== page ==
This film grew out of the search for Sfc. Samuel J. Padgett

Julia LeDoux
May 23, 2020 - 12:57 pm

Courtesy photo

Army Sgt. 1st Class Samuel Padgett boarded a CH-34 helicopter on a mission to Kham Duc, South Vietnam along with three other soldiers on April 10, 1968.

It was the Tulsa, Oklahoma native’s 31st birthday.

It would also be the day he died.

During the fateful flight, the chopper lost power unexpectedly and descended rapidly, crashing into the jungle. According to Army records, a rescue team was sent out immediately, but because of the intense heat of the flames at the crash site they could only watch as the bodies of those aboard were burned while inside the helicopter.

Defense POW/MIA Accounting Agency

After the flames were doused, three of the four bodies were found and identified. Padgett, however, was missing. Two platoons of soldiers searched the surrounding jungle for Padgett the days following the crash but could not find him. They thought that Padgett could have fallen from the chopper before it went down.  

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That’s where the story stood in January of 2017 when a team of archaeologists and service members with the Defense POW/MIA Accounting Agency returned to the crash site in the hopes of bringing Padgett home to his family.

At the time of the search, Staff Sgt. Jose Rodriquez was assigned to the DPAA as a filmmaker and photographer.  He was later urged by fellow soldier and combat cameraman Joe Day to use the footage to create a film about the search.

“We were on the ground for 30 days and I video recorded and photographed everything,” Rodriquez said. “I started recording from beginning to end.”

Out of those recordings grew the documentary “Remains: The Search For SFC Samuel J. Padgett.”

The 41-minute film focuses on the DPAA hunt for anything that could be connected to Padgett at the crash site, Rodriguez said.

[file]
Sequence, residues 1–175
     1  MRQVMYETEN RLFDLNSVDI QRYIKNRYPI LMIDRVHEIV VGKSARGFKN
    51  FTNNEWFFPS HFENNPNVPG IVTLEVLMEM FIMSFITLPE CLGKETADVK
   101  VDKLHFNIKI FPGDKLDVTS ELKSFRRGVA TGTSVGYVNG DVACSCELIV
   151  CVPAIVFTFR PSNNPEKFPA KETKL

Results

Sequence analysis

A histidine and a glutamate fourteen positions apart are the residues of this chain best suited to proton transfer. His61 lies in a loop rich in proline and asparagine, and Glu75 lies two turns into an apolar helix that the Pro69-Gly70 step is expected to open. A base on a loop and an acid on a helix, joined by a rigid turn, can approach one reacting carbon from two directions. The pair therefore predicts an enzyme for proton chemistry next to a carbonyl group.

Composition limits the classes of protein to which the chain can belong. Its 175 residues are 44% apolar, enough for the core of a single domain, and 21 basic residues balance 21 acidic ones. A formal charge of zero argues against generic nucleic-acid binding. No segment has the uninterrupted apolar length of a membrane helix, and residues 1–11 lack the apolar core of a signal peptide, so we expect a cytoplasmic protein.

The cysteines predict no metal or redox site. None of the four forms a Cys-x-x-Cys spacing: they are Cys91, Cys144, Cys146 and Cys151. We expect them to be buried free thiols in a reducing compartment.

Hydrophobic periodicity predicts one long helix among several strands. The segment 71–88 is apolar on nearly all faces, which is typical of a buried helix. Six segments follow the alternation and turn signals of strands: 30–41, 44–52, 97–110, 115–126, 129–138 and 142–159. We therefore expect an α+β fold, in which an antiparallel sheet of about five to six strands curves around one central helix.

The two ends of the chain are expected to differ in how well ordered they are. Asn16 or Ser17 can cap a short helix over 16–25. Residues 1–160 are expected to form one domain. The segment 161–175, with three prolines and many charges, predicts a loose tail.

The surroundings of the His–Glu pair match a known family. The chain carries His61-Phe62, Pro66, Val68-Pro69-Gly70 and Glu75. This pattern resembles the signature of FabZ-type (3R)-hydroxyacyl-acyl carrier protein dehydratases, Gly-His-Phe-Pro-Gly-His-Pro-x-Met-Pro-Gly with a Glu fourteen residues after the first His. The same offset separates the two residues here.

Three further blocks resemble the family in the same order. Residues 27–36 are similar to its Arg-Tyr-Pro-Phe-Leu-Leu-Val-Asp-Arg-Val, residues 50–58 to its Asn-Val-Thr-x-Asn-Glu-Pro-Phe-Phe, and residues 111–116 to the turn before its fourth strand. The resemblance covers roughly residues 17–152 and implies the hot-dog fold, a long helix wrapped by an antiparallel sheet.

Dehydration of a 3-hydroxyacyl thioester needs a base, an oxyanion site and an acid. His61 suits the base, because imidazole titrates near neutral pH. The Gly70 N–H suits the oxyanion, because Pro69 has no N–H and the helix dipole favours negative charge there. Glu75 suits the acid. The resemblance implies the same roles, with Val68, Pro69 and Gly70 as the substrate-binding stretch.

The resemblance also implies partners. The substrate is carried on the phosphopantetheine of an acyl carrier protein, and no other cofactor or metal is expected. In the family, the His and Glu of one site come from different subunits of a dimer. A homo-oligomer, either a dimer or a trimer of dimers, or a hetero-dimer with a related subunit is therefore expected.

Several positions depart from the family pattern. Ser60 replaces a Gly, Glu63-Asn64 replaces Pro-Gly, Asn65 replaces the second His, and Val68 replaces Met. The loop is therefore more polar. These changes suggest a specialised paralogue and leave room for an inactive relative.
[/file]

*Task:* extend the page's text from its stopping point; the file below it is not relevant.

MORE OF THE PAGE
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The soldiers who were part of the team were there to be “the muscle,”  and followed directions given by the archaeologists when it came to the search and sifting through dirt at the location, he explained.

“The archaeologists know how to read the dirt,” Rodriguez said. “I grew up in the city, so this was a hard labor experience for me. There was a learning curve for me.”

The team carefully sifted through all the dirt that archaeologists thought looked promising with one goal in mind.

“What we were hoping to find was the location of Padgett or the wreckage he was in,” Rodriguez noted.

While the search was ultimately unsuccessful, the effort to bring Padgett home will never end, he said.

The mission of the DPAA is to find the fullest possible accounting for America’s missing service members and prisoners of war. Rodriguez said his time with the agency has so far been the highlight of his military career. 

“We don’t know much about Padgett, but look at what he’s created,” Rodrigez said. “Look at the bonds created by someone who is not alive.” 

The film is being streamed throughout the weekend on the Archaeology Channel.

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